James Bruce became Governor of Jamaica in 1842, and in 1847 was appointed Governor General of Canada.

      Under Lord Elgin, the first real attempts began at establishing responsible government in Canada. In 1848, the moderate reformers of both Canada East and Canada West, Louis-Hippolyte Lafontaine and Robert Baldwin, won their elections, and Lord Elgin asked them to form a government together. Lord Elgin became the first Governor General to remove himself from the affairs of the legislature, leading to the essentially symbolic role that the Governor-General has since had with regards to the political affairs of the country. As Governor-General, he wrestled with the costs of receiving high levels of immigration in the Canadas, a major issue in the constant debate about immigration during the 19th century.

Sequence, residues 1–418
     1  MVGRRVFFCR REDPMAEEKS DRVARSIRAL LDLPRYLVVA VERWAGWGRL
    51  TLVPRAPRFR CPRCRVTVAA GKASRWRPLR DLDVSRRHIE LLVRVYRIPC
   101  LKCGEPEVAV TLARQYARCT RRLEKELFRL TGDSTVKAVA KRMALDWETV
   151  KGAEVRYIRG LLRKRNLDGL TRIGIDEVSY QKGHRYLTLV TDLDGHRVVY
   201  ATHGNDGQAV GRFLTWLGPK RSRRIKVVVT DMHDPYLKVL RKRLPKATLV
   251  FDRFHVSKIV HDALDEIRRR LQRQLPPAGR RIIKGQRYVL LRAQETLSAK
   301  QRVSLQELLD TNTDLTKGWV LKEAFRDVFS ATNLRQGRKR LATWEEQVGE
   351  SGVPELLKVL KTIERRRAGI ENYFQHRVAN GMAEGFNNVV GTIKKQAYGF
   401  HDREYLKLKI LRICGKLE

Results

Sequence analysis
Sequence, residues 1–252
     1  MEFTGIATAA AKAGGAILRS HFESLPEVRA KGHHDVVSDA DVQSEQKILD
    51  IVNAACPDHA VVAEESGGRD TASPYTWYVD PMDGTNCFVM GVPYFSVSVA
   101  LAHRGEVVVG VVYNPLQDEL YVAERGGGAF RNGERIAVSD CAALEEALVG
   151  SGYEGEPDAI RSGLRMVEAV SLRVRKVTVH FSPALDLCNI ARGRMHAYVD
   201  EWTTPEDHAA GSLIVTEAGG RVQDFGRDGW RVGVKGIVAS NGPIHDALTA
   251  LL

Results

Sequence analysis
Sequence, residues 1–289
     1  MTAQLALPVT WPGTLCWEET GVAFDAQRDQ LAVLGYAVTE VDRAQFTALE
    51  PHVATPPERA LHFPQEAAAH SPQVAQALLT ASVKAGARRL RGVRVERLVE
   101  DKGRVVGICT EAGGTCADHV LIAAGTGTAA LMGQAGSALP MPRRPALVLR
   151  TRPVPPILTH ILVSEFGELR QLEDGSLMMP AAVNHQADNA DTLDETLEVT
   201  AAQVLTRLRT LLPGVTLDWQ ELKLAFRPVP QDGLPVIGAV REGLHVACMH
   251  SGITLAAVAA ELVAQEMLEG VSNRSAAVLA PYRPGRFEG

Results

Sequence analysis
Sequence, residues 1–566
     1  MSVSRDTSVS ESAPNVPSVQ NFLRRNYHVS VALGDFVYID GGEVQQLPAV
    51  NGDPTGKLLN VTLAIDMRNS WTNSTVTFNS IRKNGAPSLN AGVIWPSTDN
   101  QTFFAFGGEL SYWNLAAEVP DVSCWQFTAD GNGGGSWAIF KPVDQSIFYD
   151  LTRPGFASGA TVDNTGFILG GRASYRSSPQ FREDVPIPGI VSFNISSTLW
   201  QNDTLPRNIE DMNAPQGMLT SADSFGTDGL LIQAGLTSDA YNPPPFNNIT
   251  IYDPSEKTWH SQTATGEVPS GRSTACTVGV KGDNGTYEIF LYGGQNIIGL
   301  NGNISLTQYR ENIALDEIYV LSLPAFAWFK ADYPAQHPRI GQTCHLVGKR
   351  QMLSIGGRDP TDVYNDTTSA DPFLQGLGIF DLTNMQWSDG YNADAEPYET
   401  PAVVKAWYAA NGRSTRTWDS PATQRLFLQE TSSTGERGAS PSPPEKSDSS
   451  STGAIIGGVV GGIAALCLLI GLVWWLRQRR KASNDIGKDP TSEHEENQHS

In 1849 the Baldwin-Lafontaine government passed the Rebellion Losses Bill, compensating French Canadians for losses suffered during the Rebellions of 1837.[citation needed] Lord Elgin signed the bill despite heated Tory opposition and his own personal misgivings, sparking riots in Quebec, during which Elgin himself was assaulted by an English-speaking mob and the Parliament buildings were burned down. The French-speaking minority in the Canadian legislature also unsuccessfully tried to have him removed from his post.